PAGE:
Eksperimenter med flækkepilespidser – Studier af pilespidser fra grubekeramisk kultur


  • Peter Bye-Jensen


flækkepilespidser, pilespidser, grubekeramisk kultur


Experiments with arrowheads of flint
An investigation of tanged points from the Pitted Ware culture

This article presents a thematic use-wear analysis of type A tanged points from the Pitted Ware culture. The Pitted Ware culture was contemporary with the late Middle Neolithic Funnel Beaker culture and the early Single Grave culture. The main focus of this article is on an investigation of type A tanged points through a combination of micro and macro use-wear analysis. Together with cylindrical flake cores, and ornamentation in the form of round pits and horizontal lines on the culture’s pottery, type A tanged points date the oldest phase of the Pitted Ware culture. The sample of tanged points which was analysed comes from Kainsbakke, Kirial Bro, Hesselø and Anholt.

My goal has been to investigate the following questions by way of use-wear analysis: Do the selected tanged points show any signs of having been used as projectiles? Was the type A0 arrowhead, without a tang, used as an arrowhead or did it have other functions? Have tanged points in general been used for purposes other than as projectiles? How do the tanged points relate to the question of re-shafting? How do the experimental replica tanged points compare with their archaeological counterparts?

The relationship of type A0 tanged points to the subsequent types A1-A3 was questioned by Malmer in an article on the early Pitted Ware culture site of Jonstorp RA. The reason for not including type A0 within type A is its lack of a tang.

The basis of any micro-wear analysis is an experimental programme. In my case, this comprised three parts: The manufacture of experimental flint replicas of type A tanged points, shafting these replicas and shooting the replica arrows into an authentic target. The target chosen for my experiments was a Sika deer (Cervus nippon). The Sika deer is anatomically similar to the red deer, one of the best represented wild animals at Kainsbakke.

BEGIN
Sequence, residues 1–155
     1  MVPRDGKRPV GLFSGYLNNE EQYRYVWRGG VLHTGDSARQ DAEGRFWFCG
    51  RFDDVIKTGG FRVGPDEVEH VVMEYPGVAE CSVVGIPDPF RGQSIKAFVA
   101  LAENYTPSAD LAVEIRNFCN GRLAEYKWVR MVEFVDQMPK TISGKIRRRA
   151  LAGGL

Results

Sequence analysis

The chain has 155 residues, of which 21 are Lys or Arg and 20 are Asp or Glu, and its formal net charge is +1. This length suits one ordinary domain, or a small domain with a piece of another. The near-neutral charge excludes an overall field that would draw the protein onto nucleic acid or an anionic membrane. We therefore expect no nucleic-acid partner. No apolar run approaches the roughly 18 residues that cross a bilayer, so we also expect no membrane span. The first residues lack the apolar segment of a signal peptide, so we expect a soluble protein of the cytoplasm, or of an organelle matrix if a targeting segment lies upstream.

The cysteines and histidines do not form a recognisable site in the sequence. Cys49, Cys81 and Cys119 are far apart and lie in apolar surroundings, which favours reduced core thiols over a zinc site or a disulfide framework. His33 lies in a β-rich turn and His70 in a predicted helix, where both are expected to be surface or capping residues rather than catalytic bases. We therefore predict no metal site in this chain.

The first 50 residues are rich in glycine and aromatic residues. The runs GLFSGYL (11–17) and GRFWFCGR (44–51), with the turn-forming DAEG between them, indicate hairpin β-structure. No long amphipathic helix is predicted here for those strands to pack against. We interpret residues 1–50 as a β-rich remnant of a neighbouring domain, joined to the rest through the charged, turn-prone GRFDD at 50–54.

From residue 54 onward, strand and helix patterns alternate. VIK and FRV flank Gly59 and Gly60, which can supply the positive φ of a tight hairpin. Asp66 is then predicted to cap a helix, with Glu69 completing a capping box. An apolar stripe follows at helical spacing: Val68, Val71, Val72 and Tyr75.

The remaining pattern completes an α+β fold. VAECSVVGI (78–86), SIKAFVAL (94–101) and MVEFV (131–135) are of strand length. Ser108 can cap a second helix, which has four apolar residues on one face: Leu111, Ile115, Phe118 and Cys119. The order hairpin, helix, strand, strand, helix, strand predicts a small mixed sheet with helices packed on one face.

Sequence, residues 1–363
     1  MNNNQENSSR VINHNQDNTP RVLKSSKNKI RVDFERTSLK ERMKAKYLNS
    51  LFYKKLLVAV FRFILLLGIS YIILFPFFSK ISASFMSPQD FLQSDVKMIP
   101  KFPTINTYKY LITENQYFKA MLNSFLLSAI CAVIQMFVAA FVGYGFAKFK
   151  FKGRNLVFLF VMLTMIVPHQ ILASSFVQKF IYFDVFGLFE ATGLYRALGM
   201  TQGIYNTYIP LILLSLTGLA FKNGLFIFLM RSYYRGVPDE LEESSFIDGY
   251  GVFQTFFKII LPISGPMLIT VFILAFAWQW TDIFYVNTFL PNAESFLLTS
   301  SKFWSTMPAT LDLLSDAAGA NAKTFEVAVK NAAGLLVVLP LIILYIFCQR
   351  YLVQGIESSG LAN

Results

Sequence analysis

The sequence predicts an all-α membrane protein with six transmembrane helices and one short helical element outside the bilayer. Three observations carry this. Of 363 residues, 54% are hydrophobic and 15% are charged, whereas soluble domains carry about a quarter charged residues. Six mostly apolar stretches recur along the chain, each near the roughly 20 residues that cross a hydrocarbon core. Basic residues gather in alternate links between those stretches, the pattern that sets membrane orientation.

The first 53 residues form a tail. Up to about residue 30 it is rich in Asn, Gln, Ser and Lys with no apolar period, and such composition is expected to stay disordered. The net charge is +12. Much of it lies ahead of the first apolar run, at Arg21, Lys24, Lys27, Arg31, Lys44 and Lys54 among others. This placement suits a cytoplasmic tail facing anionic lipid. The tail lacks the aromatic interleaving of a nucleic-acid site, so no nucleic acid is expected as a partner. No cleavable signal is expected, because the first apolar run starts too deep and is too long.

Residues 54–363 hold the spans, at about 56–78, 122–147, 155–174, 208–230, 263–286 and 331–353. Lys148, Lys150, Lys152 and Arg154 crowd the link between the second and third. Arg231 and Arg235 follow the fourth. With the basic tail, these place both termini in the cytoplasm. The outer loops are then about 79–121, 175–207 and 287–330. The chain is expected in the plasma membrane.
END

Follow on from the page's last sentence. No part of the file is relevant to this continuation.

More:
On the basis of my experimental results, I can conclude that the type A0 arrowhead performs well as a projectile. Diagnostic macro- and micro-wear traces were observed on all subtypes of the experimental tanged points. In addition, 11 of the archaeological tanged points examined showed diagnostic macro- and micro-wear identical to that on the experimentally produced examples. This means that the type A0 should be considered an arrowhead within the type A tanged point typology.

Additionally, none of the archaeological arrowheads showed any evidence of other use-wear other than that found on projectiles. Traces of shafting could be seen on both experimental and archaeological arrowheads.

In this article, I discuss the morphology of type A tanged points versus their effectiveness as projectiles and the general results of my experiments.

In conclusion, I suggest that there was an alternative target for tanged points associated with the Pitted Ware culture (types A, B and C). The chronological shift from type A to type C arrowheads could be related to a growing use of arrowheads as weapons against humans. In association with these types of arrowhead, we find examples of violent disputes, for example as seen in the case of the Iceman Ötzi, and others.

Peter Bye
Silkeborg Museum





Bye-Jensen, P. (2011). Eksperimenter med flækkepilespidser – Studier af pilespidser fra grubekeramisk kultur. Kuml, 60(60), 63–82. Hentet fra https://tidsskrift.dk/kuml/article/view/24510